The following article was written by my colleague David Goldman on the new ADA accessibility legislation which was signed into law this past month by Governor Brown.
Since July 1, 2013, California Civil Code section 1938 has required commercial property owners to disclose in every commercial lease whether the property being leased has been inspected by a Certified Access Specialist (“CASp”). A CASp is an individual certified by the State of California as qualified and knowledgeable of construction-related access to public accommodations by persons with disabilities. In addition to disclosing whether or not the property being leased has been CASp inspected, if a CASp inspection has occurred, the commercial lessor must disclose in the lease whether the premises has or has not met all the applicable construction-related accessibility standards established by law. These lease requirements, along with other disability access obligations, were discussed in an earlier article written in 2012.
Assembly Bill 2093
On September 16, 2016, California Governor Jerry Brown signed into law Assembly Bill 2093, which substantially changed Civil Code section 1938 and imposes additional obligations upon commercial landlords. Under revised Section 1938, for every lease executed on or after January 1, 2017, landlords must comply with the following requirements in addition to stating whether the property being leased has undergone a CASp inspection:
- If the Premises Have Undergone a CASp Inspection. Before signing a lease, a copy of all CASp reports must be provided to the prospective tenant. The prospective tenant, however, must agree to keep the information in the report confidential, except as necessary for the tenant to complete repairs and corrections that the tenant agrees to make. The landlord must also state that, to the best of its knowledge, no modifications or alterations have been completed or commenced since the date(s) of the inspection(s) that have impacted the property’s compliance with accessibility standards.
- Responsibility to Make Repairs Identified in the CASp Report. If the CASp report identifies repairs or modifications needed to correct violations of the accessibility standards, it will be presumed to be the landlord’s responsibility, unless the landlord and tenant mutually agree otherwise. The prospective tenant will have the right to review any CASp report before executing the lease. If the CASp report is not provided to the tenant at least 48 hours before the lease is executed, the tenant will then have the right to rescind the lease, based upon the information contained in the report, for 72 hours after the lease is executed.
- Meets Applicable Accessibility Standards. If the CASp report indicates that the premises meet applicable accessibility standards, the landlord must provide a copy of the current disability access inspection certificate (indicating compliance), and any inspection report not already provided to the tenant, within 7 days of the execution of the lease.
- If No CASp Report or Disability Access Inspection Certificate Exists. If no CASp inspection report exists, or the premises have not been issued a disability access inspection certificate, the landlord must include specific language in the lease that informs the tenant that the premises can be inspected by a Certified Access Specialist. The lease must also provide that while state law does not require a CASp inspection, the landlord cannot prohibit a prospective or current tenant from obtaining a CASp inspection of the premises. The required lease language must also provide that the time and manner of the CASp inspection, the payment of the inspection fee and the cost of making any repairs necessary to correct violations are to be mutually agreed upon by the parties. The precise terms of this lease language are set forth in the statute itself.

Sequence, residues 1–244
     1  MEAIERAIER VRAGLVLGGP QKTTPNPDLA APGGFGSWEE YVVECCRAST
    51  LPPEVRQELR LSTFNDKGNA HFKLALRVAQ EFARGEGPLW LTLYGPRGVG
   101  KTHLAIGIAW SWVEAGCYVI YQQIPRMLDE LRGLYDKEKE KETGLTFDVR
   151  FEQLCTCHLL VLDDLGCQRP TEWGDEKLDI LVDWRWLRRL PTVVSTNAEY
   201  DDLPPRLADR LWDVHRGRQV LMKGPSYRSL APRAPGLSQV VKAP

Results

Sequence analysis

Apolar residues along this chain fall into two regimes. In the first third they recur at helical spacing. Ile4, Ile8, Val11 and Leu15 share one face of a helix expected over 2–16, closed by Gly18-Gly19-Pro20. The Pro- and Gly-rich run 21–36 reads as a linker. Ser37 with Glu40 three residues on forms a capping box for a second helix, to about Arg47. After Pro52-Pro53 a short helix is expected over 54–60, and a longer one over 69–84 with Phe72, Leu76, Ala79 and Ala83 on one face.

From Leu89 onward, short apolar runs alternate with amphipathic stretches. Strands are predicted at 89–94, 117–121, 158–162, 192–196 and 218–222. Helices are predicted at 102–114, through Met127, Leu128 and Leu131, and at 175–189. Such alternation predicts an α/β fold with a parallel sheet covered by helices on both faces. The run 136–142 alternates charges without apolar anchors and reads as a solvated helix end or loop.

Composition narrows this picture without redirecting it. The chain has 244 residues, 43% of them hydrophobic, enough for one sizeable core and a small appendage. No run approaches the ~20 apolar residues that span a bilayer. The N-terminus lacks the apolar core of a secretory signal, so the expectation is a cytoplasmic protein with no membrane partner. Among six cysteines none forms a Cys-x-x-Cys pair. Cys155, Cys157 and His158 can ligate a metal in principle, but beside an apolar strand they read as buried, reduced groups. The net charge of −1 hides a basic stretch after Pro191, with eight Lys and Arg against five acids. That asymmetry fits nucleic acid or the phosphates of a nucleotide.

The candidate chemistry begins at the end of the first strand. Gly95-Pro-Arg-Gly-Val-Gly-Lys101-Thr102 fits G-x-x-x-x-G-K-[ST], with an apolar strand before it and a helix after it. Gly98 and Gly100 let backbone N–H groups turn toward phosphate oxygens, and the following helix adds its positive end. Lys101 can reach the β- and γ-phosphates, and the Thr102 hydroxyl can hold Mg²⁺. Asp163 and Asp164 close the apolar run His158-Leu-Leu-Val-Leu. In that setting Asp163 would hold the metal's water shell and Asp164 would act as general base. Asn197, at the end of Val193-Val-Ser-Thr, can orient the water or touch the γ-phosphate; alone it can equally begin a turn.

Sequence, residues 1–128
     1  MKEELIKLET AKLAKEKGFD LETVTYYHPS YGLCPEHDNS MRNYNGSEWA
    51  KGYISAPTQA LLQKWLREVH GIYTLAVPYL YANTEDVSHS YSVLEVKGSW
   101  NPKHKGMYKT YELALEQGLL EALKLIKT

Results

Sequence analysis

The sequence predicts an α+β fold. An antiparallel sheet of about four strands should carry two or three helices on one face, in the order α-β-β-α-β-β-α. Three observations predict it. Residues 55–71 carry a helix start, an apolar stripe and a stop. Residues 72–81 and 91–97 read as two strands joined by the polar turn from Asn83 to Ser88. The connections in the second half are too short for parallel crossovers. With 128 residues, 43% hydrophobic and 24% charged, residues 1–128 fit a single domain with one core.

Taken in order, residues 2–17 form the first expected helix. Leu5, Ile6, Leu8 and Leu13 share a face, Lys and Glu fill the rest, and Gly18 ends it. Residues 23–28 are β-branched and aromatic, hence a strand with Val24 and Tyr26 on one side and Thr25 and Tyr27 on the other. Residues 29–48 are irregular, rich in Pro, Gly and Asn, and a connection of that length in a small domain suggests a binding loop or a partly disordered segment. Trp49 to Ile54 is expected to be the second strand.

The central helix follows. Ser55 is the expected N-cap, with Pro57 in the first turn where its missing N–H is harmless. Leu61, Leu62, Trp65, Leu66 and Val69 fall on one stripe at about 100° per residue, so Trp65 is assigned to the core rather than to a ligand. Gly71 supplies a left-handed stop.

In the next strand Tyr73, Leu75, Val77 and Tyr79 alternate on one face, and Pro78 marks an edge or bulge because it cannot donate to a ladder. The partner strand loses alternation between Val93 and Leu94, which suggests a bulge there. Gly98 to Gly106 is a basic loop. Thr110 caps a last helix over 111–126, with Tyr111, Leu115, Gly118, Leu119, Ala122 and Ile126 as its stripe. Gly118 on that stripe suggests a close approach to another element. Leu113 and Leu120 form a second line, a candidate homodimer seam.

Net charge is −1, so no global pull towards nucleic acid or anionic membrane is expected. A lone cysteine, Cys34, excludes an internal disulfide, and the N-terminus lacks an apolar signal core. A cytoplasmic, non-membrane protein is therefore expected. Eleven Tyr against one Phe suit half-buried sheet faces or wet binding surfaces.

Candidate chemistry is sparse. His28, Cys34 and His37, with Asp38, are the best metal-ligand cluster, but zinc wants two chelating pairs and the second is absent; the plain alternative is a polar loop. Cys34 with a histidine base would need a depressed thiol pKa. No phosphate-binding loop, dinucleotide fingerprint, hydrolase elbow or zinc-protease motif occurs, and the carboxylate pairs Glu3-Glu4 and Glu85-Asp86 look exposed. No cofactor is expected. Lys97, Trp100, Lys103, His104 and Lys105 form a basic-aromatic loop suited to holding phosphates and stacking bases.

What Needs To Be Done Now?
All commercial property owners or lessors must change their lease forms and rental agreements to include new mandatory language and disclosures for leases that are executed on or after January 1, 2017. Landlords should undertake the task of revising their leases now so that they will be ready for use in the coming year.
Much litigation has been initiated by disabled individuals asserting claims that commercial premises open to the public are inaccessible to them or do not comply with state or federal accessibility laws. Both landlords and tenants have been drawn into unfortunate, costly litigation as a result. The California Legislature has now sought to add some transparency about accessibility standards compliance before owners and tenants sign commercial leases. Landlords that fail to comply with these new legal requirements could subject themselves not only to claims for indemnification from tenants, but also rescission of the lease, should disabled persons subsequently file lawsuits claiming they were denied equal access to the premises. There is no reason to delay. Commercial property owners and lessors in California must update their commercial leases to avoid liability in the coming year.
David Goldman is partner at Wendel, Rosen, Black & Dean LLP, where his practice focuses on business and real estate litigation, including disabled access disputes under the Americans with Disabilities Act and related California Unruh Civil Rights Act and Disabled Persons Act.